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Dividend paying stocks like Tassal Group Limited (ASX:TGR) tend to be popular with investors, and for good reason – some research suggests a significant amount of all stock market returns come from reinvested dividends. If you are hoping to live on your dividends, it’s important to be more stringent with your investments than the average punter. Regular readers know we like to apply the same approach to each dividend stock, and we hope you’ll find our analysis useful.
With Tassal Group yielding 3.6% and having paid a dividend for over 10 years, many investors likely find the company quite interesting. It would not be a surprise to discover that many investors buy it for the dividends. Some simple analysis can offer a lot of insights when buying a company for its dividend, and we’ll go through this below.
Dividends are usually paid out of company earnings. If a company is paying more than it earns, then the dividend might become unsustainable – hardly an ideal situation. As a result, we should always investigate whether a company can afford its dividend, measured as a percentage of a company’s net income after tax. Looking at the data, we can see that 48% of Tassal Group’s profits were paid out as dividends in the last 12 months. A medium payout ratio strikes a good balance between paying dividends, and keeping enough back to invest in the business. One of the risks is that management reinvests the retained capital poorly instead of paying a higher dividend.
Another important check we do is to see if the free cash flow generated is sufficient to pay the dividend. Tassal Group paid out 438% of its free cash last year. Cash flows can be lumpy, but this dividend was not well covered by cash flow. Paying out such a high percentage of cash flow suggests that the dividend was funded from either cash at bank or by borrowing, neither of which is desirable over the long term. While Tassal Group’s dividends were covered by the company’s reported profits, free cash flow is somewhat more important, so it’s not great to see that the company didn’t generate enough cash to pay its dividend. Were it to repeatedly pay dividends that were not well covered by cash flow, this could be a risk to Tassal Group’s ability to maintain its dividend.
Consider getting our latest analysis on Tassal Group’s financial position here.
From the perspective of an income investor who wants to earn dividends for many years, there is not much point buying a stock if its dividend is regularly cut or is not reliable. For the purpose of this article, we only scrutinise the last decade of Tassal Group’s dividend payments. The dividend has been cut by more than 20% on at least one occasion historically. During the past ten-year period, the first annual payment was AU$0.08 in 2009, compared to AU$0.18 last year. This works out to be a compound annual growth rate (CAGR) of approximately 8.4% a year over that time. The growth in dividends has not been linear, but the CAGR is a decent approximation of the rate of change over this time frame.
Dividends have grown at a reasonable rate, but with at least one substantial cut in the payments, we’re not certain this dividend stock would be ideal for someone intending to live on the income.
Dividend Growth Potential
Given that the dividend has been cut in the past, we need to check if earnings are growing and if that might lead to stronger dividends in the future. Tassal Group has grown its earnings per share at 9.0% per annum over the past five years. It’s good to see decent earnings growth and a low payout ratio. Companies with these characteristics often display the fastest dividend growth over the long term – assuming earnings can be maintained, of course.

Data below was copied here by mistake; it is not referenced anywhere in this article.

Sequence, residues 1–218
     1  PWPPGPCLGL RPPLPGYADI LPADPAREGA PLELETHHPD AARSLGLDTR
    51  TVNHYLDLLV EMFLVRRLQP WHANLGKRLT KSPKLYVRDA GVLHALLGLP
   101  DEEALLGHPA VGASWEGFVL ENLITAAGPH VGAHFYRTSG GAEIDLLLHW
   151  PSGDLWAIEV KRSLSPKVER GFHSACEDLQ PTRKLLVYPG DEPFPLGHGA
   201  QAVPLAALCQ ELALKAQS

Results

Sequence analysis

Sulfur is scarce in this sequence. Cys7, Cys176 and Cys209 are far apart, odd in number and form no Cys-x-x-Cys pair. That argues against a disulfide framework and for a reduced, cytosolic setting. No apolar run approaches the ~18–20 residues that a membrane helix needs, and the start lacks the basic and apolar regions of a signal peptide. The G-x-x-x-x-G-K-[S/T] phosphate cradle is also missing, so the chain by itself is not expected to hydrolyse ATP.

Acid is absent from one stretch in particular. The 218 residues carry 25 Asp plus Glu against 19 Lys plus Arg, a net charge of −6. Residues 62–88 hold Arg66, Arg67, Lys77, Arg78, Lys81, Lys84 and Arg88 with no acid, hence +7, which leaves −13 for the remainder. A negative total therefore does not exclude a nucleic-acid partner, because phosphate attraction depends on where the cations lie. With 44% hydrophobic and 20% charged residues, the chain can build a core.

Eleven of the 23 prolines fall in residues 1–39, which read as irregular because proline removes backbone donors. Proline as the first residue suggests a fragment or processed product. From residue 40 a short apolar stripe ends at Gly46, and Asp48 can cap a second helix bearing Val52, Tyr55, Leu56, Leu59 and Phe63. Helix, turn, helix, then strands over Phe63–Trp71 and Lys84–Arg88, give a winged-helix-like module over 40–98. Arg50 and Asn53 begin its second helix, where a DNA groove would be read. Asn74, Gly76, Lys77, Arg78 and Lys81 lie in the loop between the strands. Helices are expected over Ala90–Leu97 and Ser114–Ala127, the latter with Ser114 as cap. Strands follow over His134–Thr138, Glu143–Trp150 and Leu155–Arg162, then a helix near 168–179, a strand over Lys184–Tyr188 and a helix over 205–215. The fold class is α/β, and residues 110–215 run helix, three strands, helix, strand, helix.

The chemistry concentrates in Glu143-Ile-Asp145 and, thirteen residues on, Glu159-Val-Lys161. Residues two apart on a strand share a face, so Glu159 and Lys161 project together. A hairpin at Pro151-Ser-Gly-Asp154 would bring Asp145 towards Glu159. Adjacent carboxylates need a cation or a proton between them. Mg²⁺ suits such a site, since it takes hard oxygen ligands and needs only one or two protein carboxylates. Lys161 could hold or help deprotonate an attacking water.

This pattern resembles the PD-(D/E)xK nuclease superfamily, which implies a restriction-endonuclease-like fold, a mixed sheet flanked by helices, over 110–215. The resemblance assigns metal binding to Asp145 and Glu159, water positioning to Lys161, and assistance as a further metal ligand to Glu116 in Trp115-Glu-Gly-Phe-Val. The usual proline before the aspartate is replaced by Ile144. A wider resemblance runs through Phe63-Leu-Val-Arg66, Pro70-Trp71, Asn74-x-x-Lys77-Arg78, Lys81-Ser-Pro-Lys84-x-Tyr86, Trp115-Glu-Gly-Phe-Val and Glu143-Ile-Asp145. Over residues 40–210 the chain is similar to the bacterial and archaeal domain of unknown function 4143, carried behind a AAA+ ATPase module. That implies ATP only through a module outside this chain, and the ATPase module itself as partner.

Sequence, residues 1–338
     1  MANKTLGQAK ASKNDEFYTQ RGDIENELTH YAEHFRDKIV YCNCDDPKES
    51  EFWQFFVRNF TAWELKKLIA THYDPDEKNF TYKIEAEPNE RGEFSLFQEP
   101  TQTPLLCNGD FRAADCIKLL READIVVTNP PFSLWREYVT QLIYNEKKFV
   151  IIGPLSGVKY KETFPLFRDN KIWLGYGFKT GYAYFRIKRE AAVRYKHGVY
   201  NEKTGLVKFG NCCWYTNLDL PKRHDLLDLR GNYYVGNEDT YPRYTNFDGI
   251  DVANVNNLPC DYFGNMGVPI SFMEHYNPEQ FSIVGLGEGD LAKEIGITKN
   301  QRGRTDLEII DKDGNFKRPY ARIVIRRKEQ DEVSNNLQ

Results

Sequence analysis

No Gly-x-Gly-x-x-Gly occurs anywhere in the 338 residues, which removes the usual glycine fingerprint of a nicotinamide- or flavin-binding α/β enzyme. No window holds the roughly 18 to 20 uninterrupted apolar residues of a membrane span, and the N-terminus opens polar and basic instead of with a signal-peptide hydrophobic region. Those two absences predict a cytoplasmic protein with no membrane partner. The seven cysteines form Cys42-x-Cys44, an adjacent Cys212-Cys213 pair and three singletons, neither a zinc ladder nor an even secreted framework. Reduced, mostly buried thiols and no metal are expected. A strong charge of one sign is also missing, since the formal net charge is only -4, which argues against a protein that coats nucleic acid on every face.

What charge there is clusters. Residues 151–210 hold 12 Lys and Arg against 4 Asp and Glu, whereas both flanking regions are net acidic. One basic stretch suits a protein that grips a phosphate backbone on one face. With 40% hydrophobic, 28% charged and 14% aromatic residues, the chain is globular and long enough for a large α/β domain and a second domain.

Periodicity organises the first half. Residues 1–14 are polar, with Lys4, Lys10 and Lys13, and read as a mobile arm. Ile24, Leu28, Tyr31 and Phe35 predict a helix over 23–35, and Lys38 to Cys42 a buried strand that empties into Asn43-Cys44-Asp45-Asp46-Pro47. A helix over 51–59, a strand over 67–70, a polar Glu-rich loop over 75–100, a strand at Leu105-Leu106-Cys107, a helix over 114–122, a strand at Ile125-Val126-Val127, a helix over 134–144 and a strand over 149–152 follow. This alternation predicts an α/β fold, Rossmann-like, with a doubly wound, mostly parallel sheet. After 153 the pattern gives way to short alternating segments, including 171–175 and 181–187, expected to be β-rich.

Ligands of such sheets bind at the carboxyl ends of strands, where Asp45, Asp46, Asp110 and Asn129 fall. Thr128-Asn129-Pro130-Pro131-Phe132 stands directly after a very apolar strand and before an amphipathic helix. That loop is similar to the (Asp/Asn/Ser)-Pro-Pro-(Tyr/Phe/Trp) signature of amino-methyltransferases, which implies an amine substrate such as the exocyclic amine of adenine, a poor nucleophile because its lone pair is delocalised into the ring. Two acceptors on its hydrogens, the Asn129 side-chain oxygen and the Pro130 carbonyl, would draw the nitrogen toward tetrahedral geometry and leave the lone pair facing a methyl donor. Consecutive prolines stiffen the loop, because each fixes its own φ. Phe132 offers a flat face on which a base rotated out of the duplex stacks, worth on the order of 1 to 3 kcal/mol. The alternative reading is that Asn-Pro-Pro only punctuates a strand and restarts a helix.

We’d also point out that Tassal Group issued a meaningful number of new shares in the past year. Regularly issuing new shares can be detrimental – it’s hard to grow dividends per share when new shares are regularly being created.
To summarise, shareholders should always check that Tassal Group’s dividends are affordable, that its dividend payments are relatively stable, and that it has decent prospects for growing its earnings and dividend. Firstly, the company has a conservative payout ratio, although we’d note that its cashflow in the past year was substantially lower than its reported profit. Next, earnings growth has been good, but unfortunately the dividend has been cut at least once in the past. Ultimately, Tassal Group comes up short on our dividend analysis. It’s not that we think it is a bad company – just that there are likely more appealing dividend prospects out there on this analysis.
Companies that are growing earnings tend to be the best dividend stocks over the long term. See what the 5 analysts we track are forecasting for Tassal Group for free with public analyst estimates for the company.
If you are a dividend investor, you might also want to look at our curated list of dividend stocks yielding above 3%.
We aim to bring you long-term focused research analysis driven by fundamental data. Note that our analysis may not factor in the latest price-sensitive company announcements or qualitative material.
If you spot an error that warrants correction, please contact the editor at firstname.lastname@example.org. This article by Simply Wall St is general in nature. It does not constitute a recommendation to buy or sell any stock, and does not take account of your objectives, or your financial situation. Simply Wall St has no position in the stocks mentioned. Thank you for reading.